The HORN® forehearth GCS 200 system works with centreline radiation cooling and represents today’s most advanced technology in the areas of forehearth design for low and medium capacity and accurate temperature adjustment. The refractory structure design is an up to date modern construction employing all today’s techniques to achieve optimum thermal homogeneity combined with minimum energy requirement.
High quality refractory material is used for channel blocks. All channel block joints are backed up with zircon mullite split tiles and are surrounded with suitably graded insulation material.
The roof blocks of the superstructure in the cooling sections are of a special shape to ensure the best possible heating of the glass. The blocks are shaped like flat roof blocks with the central portion lowered towards the glass surface. The lowered centre of the roof block creates turbulences in the flames. Thus the heat transfer to the outer edges of the glass bath is increased. The heating of the outer edges is also assisted by reflected flame radiation, due to the inclined design of parts of the roof block. This design provides a reduction in the temperature difference in the glass between the centre and the outer edges of the channel.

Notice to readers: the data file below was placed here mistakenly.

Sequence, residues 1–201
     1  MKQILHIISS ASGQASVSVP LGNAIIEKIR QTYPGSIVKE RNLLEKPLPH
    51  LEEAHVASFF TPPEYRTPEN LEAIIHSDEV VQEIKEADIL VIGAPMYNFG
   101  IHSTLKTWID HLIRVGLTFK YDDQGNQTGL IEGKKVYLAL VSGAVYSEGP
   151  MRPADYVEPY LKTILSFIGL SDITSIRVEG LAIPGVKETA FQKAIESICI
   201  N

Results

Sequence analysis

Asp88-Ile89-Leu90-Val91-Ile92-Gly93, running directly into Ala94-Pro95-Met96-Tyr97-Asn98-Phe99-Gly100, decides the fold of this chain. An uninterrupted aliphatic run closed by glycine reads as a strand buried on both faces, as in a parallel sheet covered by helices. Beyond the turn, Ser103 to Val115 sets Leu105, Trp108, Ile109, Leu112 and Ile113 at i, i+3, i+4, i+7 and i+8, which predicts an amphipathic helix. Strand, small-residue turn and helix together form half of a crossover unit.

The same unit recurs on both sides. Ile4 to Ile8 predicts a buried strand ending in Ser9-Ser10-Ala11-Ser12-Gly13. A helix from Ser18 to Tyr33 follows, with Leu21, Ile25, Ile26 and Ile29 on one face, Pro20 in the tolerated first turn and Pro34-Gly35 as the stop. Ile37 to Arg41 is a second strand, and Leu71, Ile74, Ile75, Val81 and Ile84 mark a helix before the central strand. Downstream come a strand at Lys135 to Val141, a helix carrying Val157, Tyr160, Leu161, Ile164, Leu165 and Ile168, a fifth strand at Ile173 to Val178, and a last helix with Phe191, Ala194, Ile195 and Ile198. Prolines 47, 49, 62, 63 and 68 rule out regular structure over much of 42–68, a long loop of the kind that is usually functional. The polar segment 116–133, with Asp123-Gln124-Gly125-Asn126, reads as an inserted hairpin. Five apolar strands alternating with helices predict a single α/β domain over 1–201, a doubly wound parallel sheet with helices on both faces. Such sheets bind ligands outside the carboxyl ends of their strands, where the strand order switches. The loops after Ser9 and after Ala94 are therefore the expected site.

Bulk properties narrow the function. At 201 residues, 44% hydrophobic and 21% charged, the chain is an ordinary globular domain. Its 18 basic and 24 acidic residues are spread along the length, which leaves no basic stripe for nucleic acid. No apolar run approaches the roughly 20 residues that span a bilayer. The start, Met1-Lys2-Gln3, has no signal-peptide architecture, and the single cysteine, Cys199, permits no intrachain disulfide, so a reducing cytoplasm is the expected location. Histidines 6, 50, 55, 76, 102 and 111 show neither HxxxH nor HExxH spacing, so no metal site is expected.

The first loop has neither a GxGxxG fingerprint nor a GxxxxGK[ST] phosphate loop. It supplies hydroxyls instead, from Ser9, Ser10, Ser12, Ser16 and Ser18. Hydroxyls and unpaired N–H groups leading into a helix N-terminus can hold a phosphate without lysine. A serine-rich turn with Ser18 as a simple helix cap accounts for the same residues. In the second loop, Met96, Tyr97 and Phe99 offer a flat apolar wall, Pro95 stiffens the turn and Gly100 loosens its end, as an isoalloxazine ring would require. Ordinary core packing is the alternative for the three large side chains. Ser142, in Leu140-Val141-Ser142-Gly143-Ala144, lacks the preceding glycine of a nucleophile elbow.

The combustion system is characterized by its long-lasting reliability in any operational situation and includes the constant gas/air ratio CORA system for stable firing by small pencil burners along the whole length of the forehearth.
Centreline Radiation Cooling
For additional temperature homogenization there are one or more radiation cooling openings foreseen in the superstructure cover blocks of the cooling zone. These openings are sized and located according to the cooling requirement. The actual heat loss through the opening is varied by the movement of the damper block which is used to open or close the opening.